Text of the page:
External Affairs Minister Sushma Swaraj has, on 13 September, in a series of tweets taken up the cause of a British couple who had a baby through surrogacy in India. However, they were compelled to leave their daughter in an orphanage as they were unable to get a British passport for her.
In a tweet, Swaraj stated, "Should orphanage be the destiny of a surrogate baby?"
Chris Newman and Michele Newman are currently in Mumbai on a medical visa which is valid till 7 October. The British consulate has reportedly said that the three-month-old baby - Lily - may not get travel documents in time.
"We can't believe that we could be forced to do the unthinkable and leave our baby in India!" the couple from Surrey in England has written in a petition on change.org.
The petition reads:
"We have already been told twice now by the Foreign and Commonwealth Office that we should be prepared to leave Lily. It is madness that UK Government and HMPO is so willing to safeguard the well-being of a baby applicant to ensure that it hasn't been trafficked, that it is happy for that child to be left without its parents in a foreign country with a complete stranger.
"Whilst I understand that checks have to done, I would also hope that common sense would prevail, after all a simple DNA test would prove that Chris is the biological father."
Swaraj questioned British authorities in her tweets and also took a swipe at those who have criticised the government's move towards tougher surrogacy laws. Lily's passport application has been with the UK Home office since 3 June.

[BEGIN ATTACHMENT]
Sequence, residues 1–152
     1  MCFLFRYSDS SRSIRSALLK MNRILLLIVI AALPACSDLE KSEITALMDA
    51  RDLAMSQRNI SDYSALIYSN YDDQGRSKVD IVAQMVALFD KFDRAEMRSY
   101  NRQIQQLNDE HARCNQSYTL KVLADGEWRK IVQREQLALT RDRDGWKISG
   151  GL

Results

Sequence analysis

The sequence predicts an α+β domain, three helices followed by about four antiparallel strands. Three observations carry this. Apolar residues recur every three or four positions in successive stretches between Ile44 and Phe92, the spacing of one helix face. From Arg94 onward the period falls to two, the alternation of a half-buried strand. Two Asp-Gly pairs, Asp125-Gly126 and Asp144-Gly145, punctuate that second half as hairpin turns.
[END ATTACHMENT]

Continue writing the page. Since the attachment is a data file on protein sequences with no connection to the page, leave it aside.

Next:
Commercial surrogacy is banned in Britain. Will British Government give a British passport to this surrogate Baby ? https://t.co/TNVa7IrG54— Sushma Swaraj (@SushmaSwaraj) September 13, 2016
Will the advocates of commercial surrogacy suggest a solution and help this Baby ? Pl RThttps://t.co/OCVyNSSs4Y— Sushma Swaraj (@SushmaSwaraj) September 13, 2016
The Newmans are among the last to have a surrogate baby in India after the government decided last month to ban commercial surrogacy and said only a close relative can be a surrogate.
BBC quoted Chris Newman as saying, "I did have to do something no father had to - I was pacing around at 3 am, looking at orphanages in the middle of Mumbai."
The UK Home Office has reportedly said that the baby's passport will be issued after checks to ensure that her "interests are protected" and claim to British nationality verified.